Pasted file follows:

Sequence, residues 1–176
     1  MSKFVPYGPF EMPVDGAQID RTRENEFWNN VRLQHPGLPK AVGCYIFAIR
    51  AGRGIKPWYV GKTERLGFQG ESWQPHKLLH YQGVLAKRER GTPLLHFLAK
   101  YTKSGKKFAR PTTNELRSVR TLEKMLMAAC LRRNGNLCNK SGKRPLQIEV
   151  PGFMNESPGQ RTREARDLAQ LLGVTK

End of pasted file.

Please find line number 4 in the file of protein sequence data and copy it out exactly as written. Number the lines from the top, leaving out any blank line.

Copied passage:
   101  YTKSGKKFAR PTTNELRSVR TLEKMLMAAC LRRNGNLCNK SGKRPLQIEV